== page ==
Art and Writing

Art and Writing, blog post by Aspasia S. Bissas

I recently came across an article about how art can improve your writing.  I was intrigued; as an art lover, I was excited to find out how one obsession could affect the other. Unfortunately, the article didn’t offer anything particularly insightful.

Some of the advice was good, if basic: “Show Don’t Tell,” “Find the Humanity,” “Copy the Old Masters…Then Find Your Distinctive Style.”

Some was puzzling: “Keep it Interesting.” Well, yes, that’s the idea–I doubt any writer is deliberately going for a boring story.

The worst advice, IMO, was this: “Make it Beautiful: This is the greatest lesson to me. Artists – first and foremost – aim for BEAUTY. As a writer, don’t forget to reach for the beautiful in your imagery, language, story, even characters… ”

No. Just no.

Some artists strive for beauty and create masterpieces. Some explore the ugliness of the world and do the same. Never mind the sheer subjectivity of a concept like beauty, if all art were “beautiful,” how dull would that be? And writing is no different. Writers who aim only for beauty not only won’t be able to “Keep it Interesting,” but will also lose most of the humanity they’re supposed to be finding. Focusing on what’s lovely is the best way to miss what’s interesting.

So, can art help your writing? I think so. Creative and artistic pursuits are complementary; the more you immerse yourself in art and creativity, the more inspired your work will ultimately be. I also believe there’s one key rule that applies universally: do it with passion, or don’t do it at all. If you have a burning desire to tell a story (compose a song, sculpt, sew, whatever), then that’s what you should be doing. If you think it would be a neat hobby to try in your free time, then great–have some fun while you pursue your real passion. But if you’re meh about what you’re doing (maybe you’re motivated by ‘should’ rather than ‘must’), the results will reflect that. The people who are great at what they do have passion for it. Find your passion and go be great.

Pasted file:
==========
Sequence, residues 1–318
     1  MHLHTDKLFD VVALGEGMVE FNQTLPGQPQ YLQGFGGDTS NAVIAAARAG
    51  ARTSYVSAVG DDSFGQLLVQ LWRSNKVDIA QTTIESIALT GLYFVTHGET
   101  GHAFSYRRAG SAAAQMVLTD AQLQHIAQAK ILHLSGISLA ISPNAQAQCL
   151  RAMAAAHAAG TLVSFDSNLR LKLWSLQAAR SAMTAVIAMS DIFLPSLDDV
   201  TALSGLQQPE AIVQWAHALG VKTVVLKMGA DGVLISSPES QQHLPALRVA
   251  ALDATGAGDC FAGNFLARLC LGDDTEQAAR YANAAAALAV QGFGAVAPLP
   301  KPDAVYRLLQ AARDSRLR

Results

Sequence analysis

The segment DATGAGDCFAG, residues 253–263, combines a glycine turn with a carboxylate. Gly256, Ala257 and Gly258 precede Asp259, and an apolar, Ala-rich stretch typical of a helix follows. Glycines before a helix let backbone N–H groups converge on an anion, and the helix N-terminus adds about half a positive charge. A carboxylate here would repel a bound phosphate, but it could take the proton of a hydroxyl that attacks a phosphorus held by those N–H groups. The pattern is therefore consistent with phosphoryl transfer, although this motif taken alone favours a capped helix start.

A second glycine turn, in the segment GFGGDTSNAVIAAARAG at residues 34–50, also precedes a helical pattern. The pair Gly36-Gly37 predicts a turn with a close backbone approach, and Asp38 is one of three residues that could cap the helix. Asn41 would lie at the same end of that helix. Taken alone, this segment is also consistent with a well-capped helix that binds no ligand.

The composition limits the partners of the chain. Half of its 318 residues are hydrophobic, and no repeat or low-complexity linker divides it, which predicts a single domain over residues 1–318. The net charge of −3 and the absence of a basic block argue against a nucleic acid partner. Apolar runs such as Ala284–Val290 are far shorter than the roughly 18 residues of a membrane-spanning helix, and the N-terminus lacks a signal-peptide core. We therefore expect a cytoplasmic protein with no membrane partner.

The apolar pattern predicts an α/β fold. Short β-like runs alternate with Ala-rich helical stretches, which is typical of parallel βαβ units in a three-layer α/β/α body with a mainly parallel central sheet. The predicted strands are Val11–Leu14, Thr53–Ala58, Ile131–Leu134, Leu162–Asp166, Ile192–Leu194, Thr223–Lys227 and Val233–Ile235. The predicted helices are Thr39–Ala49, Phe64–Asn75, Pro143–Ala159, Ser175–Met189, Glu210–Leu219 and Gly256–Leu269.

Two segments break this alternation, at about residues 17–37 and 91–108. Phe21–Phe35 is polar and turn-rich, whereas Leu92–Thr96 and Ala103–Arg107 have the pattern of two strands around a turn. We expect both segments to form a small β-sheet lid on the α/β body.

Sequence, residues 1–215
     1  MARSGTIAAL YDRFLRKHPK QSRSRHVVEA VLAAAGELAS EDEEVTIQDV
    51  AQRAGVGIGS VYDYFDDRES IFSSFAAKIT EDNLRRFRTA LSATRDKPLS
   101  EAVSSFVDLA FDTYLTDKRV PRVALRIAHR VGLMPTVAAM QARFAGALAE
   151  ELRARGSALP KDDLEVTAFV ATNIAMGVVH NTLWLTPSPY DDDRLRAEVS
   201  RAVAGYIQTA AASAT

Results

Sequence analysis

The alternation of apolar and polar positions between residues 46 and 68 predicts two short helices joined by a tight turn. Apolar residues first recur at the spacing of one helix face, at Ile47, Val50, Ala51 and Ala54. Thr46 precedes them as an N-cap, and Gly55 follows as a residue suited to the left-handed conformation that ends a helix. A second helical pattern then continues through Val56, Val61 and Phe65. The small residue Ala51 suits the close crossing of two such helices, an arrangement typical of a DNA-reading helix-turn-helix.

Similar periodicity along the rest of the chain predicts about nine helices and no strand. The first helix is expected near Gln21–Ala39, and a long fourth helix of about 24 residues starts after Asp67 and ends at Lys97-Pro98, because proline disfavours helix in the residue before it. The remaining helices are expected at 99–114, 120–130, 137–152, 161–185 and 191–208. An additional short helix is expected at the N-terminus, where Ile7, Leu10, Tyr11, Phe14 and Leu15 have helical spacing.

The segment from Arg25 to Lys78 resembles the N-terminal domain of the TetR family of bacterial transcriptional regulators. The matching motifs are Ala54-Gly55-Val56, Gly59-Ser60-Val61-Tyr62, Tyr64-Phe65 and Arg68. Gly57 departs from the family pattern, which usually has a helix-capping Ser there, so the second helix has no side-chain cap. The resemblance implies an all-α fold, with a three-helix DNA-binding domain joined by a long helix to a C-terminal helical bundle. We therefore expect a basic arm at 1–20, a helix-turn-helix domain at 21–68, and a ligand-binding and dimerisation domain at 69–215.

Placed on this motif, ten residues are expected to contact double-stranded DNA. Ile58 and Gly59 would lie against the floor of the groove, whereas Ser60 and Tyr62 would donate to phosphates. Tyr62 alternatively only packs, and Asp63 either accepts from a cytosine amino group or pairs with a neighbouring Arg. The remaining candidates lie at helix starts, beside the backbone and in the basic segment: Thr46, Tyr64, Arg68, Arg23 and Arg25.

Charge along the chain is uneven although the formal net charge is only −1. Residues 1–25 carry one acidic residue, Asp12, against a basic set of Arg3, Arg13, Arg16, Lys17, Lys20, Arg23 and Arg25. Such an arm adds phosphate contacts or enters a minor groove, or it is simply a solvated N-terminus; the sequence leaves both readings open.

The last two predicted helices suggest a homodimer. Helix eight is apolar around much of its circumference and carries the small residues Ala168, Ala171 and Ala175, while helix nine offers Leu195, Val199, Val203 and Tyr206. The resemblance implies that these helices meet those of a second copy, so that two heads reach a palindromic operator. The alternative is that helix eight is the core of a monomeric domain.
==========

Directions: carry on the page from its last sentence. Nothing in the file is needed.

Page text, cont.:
If you’d like to read the original article, you can find it here. What do you think? Do you have any tips for how art can improve writing (or vice versa)? Share in the comments.

Don’t forget to get your free copy of my new short story “Tooth & Claw,” a dark fantasy story about memory and delusion, violence and consequences; inspired by real events in Belle Époque France. Available here and at most online booksellers.

Cheers,

Aspasía S. Bissas

Writing Collab #16: Passing By

Writing Collab #16: Passing By, Aspasia S. Bissas and Peter Wyn Mosey
Photo by Ismael Sanchez on Pexels.com

I took part in another writing collaboration with Peter Wyn Mosey:

She saw him. She hadn’t been expecting it. He was walking along the street, hands in his coat pockets, face turned up to the bright autumn sun. He looked happy. Happier than anyone should look. Happier than anyone had a right to in this world.

Read the rest: Writing Collab #16: Passing By

Cheers,

Aspasía S. Bissas